Women who experience severe pelvic pain during menstruation may have a condition known as endometriosis. If you have been diagnosed with this condition, it’s important to understand the facts of how it can affect you and what treatments are available.
What is Endometriosis?
Endometriosis is a disorder involving endometrial tissue that ultimately has no cure. Although most symptoms of this condition can be treated to ease severity, one of the main complications of endometriosis is infertility in women of childbearing age.
The condition involves the uterine lining, also known as endometrium, growing outside of the uterus into the other reproductive organs and even other parts of the lower body. Tissue growth may appear as patches and may be spotted on the fallopian tubes, ovaries, pelvic tissue linings or bowel.
What Causes Endometriosis?
The cause of this condition is still largely unknown. However, there are a handful of theories and explanations of what causes it to develop.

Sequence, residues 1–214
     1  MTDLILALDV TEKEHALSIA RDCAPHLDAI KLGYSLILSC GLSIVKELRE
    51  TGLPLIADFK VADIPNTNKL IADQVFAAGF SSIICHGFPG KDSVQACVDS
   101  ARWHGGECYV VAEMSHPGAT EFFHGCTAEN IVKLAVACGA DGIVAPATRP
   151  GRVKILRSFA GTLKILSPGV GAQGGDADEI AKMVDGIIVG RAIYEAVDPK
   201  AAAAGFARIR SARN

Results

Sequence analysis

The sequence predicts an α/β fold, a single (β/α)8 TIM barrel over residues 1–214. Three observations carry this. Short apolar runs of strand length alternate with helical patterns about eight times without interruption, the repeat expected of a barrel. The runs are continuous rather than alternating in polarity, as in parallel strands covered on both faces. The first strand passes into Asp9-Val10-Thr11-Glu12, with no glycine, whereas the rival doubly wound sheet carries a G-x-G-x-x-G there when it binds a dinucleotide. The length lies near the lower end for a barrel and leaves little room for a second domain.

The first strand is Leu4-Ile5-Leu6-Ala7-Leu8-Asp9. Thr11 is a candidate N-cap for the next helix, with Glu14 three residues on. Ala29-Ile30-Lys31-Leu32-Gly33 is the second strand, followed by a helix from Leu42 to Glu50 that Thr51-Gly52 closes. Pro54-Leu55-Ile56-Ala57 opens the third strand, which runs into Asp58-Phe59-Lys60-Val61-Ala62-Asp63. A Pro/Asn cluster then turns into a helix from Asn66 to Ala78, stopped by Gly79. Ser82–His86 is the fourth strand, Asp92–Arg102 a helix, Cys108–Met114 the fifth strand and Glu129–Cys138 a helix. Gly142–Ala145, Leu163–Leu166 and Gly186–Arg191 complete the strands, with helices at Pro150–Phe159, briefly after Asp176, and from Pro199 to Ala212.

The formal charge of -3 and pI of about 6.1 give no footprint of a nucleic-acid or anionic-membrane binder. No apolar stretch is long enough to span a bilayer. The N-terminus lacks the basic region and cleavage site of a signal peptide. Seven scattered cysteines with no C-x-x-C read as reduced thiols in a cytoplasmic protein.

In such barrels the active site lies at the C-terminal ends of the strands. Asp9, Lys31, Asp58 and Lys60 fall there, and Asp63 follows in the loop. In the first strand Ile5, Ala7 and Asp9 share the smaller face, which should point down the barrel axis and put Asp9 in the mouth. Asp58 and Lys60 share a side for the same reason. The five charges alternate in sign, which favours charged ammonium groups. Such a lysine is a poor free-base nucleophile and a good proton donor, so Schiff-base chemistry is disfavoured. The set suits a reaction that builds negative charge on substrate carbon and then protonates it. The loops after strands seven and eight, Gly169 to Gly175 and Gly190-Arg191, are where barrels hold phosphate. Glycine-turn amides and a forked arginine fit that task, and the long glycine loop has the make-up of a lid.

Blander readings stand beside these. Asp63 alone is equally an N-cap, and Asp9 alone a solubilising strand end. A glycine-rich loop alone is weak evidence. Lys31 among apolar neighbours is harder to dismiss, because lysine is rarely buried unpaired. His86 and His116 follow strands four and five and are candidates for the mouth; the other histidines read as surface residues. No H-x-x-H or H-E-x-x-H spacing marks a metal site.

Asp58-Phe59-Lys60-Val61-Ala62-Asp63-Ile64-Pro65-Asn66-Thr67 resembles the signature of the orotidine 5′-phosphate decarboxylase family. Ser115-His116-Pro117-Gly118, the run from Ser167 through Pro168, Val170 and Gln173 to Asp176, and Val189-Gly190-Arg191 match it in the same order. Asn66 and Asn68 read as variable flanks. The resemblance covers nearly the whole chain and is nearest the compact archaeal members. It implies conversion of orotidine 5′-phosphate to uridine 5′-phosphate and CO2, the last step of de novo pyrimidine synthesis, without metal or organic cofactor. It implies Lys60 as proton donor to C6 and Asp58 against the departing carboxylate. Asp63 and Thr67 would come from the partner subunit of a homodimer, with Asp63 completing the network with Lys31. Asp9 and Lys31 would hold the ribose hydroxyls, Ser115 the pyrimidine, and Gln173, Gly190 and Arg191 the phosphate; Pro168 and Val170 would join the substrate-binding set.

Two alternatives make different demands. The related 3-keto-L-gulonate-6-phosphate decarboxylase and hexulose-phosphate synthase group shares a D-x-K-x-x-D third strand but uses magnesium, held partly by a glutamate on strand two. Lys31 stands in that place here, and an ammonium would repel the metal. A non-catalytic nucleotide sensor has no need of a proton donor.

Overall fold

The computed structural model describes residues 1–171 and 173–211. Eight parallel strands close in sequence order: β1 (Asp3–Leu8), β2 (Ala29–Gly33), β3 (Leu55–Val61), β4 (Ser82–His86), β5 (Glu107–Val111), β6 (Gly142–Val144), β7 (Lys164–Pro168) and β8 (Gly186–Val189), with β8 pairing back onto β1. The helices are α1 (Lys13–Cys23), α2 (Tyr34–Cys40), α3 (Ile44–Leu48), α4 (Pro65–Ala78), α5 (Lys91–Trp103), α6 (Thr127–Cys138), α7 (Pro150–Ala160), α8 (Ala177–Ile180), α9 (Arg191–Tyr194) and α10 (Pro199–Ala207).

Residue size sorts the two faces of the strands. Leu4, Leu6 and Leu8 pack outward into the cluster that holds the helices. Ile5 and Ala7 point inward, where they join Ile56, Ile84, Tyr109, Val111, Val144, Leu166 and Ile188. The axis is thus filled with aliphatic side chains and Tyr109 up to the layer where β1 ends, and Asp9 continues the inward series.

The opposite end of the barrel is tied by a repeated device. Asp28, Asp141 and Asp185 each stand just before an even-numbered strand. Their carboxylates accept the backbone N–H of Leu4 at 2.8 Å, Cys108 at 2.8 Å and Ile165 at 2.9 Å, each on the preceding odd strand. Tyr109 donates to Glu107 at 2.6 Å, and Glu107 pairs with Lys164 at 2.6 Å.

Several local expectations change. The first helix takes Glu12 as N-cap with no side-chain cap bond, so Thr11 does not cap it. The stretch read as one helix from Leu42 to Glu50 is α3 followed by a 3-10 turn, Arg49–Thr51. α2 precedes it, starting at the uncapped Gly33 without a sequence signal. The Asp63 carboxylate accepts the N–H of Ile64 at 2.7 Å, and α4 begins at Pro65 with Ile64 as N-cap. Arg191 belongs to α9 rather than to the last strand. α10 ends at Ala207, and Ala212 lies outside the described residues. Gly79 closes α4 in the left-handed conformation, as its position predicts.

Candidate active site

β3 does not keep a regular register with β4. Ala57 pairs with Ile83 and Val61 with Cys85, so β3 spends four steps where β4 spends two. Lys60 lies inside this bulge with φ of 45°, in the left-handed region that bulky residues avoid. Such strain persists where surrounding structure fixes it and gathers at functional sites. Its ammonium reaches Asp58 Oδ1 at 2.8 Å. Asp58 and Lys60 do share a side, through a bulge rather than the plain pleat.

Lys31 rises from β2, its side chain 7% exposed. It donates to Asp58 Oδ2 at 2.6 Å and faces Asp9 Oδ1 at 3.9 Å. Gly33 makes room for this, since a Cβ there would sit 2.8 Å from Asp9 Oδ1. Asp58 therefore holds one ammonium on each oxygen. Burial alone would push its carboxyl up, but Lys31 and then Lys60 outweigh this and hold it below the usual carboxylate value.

Here are some possible causes :
- Genetics: Women with a family history of abnormal growth of the uterus lining may develop the condition if it was passed on through the genes.
- Hormones: The hormones estrogen and progesterone may be contributing factors. Estrogen helps the uterus lining to form and thicken. Elevated levels of estrogen can lead to overgrowth and inflammation of tissue. Progesterone resistance from the endometrium may also cause the condition.
- Menstrual backflow: Menstrual blood contains endometrial cells. Sometimes blood can backflow to the pelvic cavity through the fallopian tube. These cells may then stick to, thicken, and overgrow on the pelvic walls.
- Immune system dysfunction: The immune system plays a role in removing endometrial tissue from outside the uterus. Tissue growth may persist outside the organ when the system fails to carry out this function.
Certain Factors May Increase the Risk of the Condition
There are several risk factors doctors have been able to pinpoint that can make this condition more likely to occur.
Possible risk factors are:
- The first menstrual cycle started before age 11
- Heavy menstrual cycles lasting seven or more days
- Shorter than normal cycles (27 days or less)
- Women who have never given birth
- Women with high estrogen levels
- Menopause began early
- Abnormal uterus
What Are The Symptoms?